What I’ve never understood is why the media have such a downer on him. The Racing Post’s David Jennings described him as a fraud, which seems a strange noun to attach to a horse. He’s been criticised for only doing enough to win, which I’ve always found makes for an exciting finish. When the critics are then faced with the reality of his success, the response is that there aren’t any good staying hurdlers to compete against , but you can do no more than dominate your division.

The Long Distance Hurdle at Newbury yesterday, which is as good an early trial for the Stayers’ Hurdle as you will find, was on paper a straight race between harry and Thistlecrack.  What no one factored in was that 40/1 shot Beer Goggles, who had never run in such illustrious company, would boss the race from start to finish and was more than a worthy winner. The pundits were as quick to praise the run as they were to highlight how they were proved right about harry’s limitations. There was very little: “What on earth happened to Thistlecrack?”  who finished a distant fifth.

I didn’t resent Beer Goggles his victory one bit: I love an outsider and he is from a stables local to me. Those I know who work for Rich Woollacott or own horses he trains, speak highly of him as a trainer and describe him as a good chap.

I also have to accept that at the age of nine, harry might be getting to the stage where the best will soon be behind him. However, the more negative comments he attracts, the more loyal I feel and determined to defend him.



BHA V Philip Hobbs

As someone whose pleasure is watching jump racing and makes their modest living from practising law, I have what some might consider an unhealthy interest in studying the decisions of the BHA’s Disciplinary Panel. Reading the Panel’s judgments and those of the Appeal Board, which are all published on the BHA website, is my definition of a good night in.

Among some of the least interesting reports concern cases brought for breaches of Rule (G) 2.1, of which there are many.  They usually go something like this:

A horse tests positive for a prohibited substance following a race. An investigation is conducted which includes a visit to the trainer’s stables and it is concluded the presence of the substance is the result of cross contamination from a  member of staff working with the horse, who had been taking the drug themselves quite legitimately –  If you want to read one the more unusual cases, you can do no better than look at the proceedings against Dean Ivory, where it was found the prohibited substance was probably transferred due to a work rider who had been taking Tramadol urinating in the stable while mucking out.

At the hearing the trainer tends not to appear, but accepts the allegation on the basis it is a strict liability offence, which is sent with written submissions. The disqualification of the horse and forfeiture of the prize money is mandatory, but the Panel then have to consider whether to impose a penalty. The test is if all reasonable precautions had been taken to avoid violating Rule 2.1. In all the cases I can find of accidental transfer from a worker, the Panel find that they hadn’t and impose a fine usually of around £1000.

On the face of it the hearing against Philip Hobbs on 10th August looked like it would follow the usual pattern.  Keep Moving had tested positive for a prohibited substance, Cetirizine, following a Chase at Ludlow. Mr Hobbs didn’t attend, but admitted the breach in his absence and the inevitable disqualification and forfeiture of prize money  followed. However, what made this case different is that  after a visit to his stables, which were found to be in “excellent condition”, no source of the prohibited substance could be discovered by the investigators.  It came within the bracket of what are called the “mystery cases”.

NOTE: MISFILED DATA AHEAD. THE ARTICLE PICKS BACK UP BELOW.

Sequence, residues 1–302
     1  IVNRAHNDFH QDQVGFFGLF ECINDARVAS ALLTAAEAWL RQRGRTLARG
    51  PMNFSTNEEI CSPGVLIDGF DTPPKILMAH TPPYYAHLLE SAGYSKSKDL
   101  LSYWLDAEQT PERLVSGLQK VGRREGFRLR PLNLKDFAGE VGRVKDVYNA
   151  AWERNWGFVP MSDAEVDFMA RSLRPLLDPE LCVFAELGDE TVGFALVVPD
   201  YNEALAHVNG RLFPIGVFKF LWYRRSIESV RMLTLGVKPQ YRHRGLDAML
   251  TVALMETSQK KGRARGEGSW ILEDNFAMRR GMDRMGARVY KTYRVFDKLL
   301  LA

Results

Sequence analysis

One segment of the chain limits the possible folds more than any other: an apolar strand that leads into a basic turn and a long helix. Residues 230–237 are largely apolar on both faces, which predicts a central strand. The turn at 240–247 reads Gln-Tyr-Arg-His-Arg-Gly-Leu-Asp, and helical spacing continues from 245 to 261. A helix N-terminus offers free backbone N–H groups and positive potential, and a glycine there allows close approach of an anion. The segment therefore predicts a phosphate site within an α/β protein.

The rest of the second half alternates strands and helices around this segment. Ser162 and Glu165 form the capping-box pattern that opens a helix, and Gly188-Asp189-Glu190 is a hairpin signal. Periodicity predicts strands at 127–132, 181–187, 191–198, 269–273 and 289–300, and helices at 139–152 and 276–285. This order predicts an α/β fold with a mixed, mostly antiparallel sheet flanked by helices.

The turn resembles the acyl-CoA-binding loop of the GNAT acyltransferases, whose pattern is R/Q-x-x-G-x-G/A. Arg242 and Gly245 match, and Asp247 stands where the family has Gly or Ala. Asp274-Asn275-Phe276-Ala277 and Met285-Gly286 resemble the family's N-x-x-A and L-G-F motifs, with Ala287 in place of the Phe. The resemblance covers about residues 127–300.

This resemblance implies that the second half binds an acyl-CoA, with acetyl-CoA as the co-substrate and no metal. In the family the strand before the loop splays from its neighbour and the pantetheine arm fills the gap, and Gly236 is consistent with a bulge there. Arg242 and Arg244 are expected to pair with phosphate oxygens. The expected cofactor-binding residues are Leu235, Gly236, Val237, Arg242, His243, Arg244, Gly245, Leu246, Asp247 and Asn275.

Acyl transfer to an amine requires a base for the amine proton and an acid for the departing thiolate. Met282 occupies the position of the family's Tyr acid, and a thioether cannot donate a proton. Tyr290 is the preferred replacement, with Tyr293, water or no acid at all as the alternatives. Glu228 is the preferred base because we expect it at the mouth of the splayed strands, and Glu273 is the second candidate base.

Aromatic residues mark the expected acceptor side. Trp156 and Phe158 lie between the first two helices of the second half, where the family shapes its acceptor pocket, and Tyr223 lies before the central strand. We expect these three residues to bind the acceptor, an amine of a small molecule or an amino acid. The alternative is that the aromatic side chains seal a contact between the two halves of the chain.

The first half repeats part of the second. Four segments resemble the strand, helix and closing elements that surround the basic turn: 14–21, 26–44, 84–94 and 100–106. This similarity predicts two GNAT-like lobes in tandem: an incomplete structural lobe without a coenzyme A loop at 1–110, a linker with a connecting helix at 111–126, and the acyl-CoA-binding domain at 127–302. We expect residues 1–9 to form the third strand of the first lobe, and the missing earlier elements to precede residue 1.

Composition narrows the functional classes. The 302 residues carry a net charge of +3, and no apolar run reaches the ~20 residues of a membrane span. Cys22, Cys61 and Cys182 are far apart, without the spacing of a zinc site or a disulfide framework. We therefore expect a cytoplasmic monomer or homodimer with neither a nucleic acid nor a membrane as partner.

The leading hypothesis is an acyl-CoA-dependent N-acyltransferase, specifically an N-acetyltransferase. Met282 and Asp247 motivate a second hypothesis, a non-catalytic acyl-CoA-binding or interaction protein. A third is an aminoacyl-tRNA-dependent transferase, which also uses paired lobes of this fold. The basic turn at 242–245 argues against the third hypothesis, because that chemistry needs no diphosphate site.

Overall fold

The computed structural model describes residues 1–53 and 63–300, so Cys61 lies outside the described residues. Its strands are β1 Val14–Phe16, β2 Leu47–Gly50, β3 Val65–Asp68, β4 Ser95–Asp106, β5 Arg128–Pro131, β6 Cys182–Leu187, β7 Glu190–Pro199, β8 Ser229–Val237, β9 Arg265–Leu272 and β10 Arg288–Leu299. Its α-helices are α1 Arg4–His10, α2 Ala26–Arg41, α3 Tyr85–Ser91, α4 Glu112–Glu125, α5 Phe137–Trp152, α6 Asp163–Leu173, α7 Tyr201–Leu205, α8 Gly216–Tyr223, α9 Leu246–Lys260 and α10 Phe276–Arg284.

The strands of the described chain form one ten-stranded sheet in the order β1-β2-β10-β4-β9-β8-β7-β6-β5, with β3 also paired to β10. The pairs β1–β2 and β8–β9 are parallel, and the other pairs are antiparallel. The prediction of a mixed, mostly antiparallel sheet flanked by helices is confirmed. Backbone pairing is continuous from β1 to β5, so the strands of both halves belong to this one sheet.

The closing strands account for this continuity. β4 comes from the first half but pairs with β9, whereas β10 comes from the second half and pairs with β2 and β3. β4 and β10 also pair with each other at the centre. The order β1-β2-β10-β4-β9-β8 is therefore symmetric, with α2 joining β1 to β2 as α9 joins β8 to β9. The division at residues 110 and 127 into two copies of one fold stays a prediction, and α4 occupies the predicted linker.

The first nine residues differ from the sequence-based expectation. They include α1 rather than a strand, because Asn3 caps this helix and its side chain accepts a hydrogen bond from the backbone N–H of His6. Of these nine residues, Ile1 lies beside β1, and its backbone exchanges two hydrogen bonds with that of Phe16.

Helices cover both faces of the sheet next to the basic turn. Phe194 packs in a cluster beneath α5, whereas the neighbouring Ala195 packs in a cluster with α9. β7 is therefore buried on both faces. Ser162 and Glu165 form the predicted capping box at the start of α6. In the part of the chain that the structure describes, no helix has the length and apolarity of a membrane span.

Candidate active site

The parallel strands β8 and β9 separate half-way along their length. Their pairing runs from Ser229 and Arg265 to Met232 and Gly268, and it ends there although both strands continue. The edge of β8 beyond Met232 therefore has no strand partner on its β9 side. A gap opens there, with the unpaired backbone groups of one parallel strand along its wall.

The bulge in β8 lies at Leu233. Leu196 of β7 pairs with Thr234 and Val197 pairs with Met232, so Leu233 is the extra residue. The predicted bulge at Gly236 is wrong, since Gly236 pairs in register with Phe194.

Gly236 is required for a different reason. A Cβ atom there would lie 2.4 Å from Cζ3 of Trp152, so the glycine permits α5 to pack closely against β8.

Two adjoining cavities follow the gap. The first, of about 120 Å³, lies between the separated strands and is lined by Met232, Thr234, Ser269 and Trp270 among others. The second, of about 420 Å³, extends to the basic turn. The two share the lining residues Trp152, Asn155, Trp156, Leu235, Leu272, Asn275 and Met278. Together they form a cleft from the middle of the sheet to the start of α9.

The learned Mr Graham Gilbert representing the BHA argued for a penalty, essentially on the grounds that in the absence of a central register in which staff listed their medication, all reasonable precautions had not been taken.  Following an exchange between Mr Gilbert and the Chair on the burden and standard of proof, which would interest only the most academic of lawyers,  The Panel dismissed the submissions and no penalty was imposed.

Not content with the outcome, the BHA decided to appeal the decision on what they described as a point of principle.  And that I would suggest was tactically their first mistake. My experience is that you should think very carefully before pursuing an appeal on a point of principle and if you do, pick the right case against the right opponent – Philip Hobbs’ stables were described as being in excellent condition, the drug was one not subject to an outright prohibition (only on raceday) and there was no history of his horses having testing positive for  Cetirizine- This was the wrong fight against the wrong person. Secondly, the BHA  put its  Appeal on the basis it sought no more than a nominal penalty. As the Appeal Board said “That means, say 5 pence, which in reality is no penalty” As opening shots go this placed the BHA on the back foot and a stance the Appeal Board described as “surprising and we are bound to say that we find it incongruous”. Having started with a misaimed blow, what followed reads like an intellectual punishment beating of the BHA’s finest legal minds by the Board, as humiliating as it is brutal. The appeal was dismissed.

Having lost the battle, the BHA remained determined not to be defeated and resorted to the nuclear option, announcing in a press release on 23rd November that it would seek to amend the rules. The statement was dressed up by saying this was only part of a significant re-writing of the Rules of Racing which it had already embarked on.  This strikes me as the BHA again acting incongruously, as it has all the hall marks of a knee jerk reaction.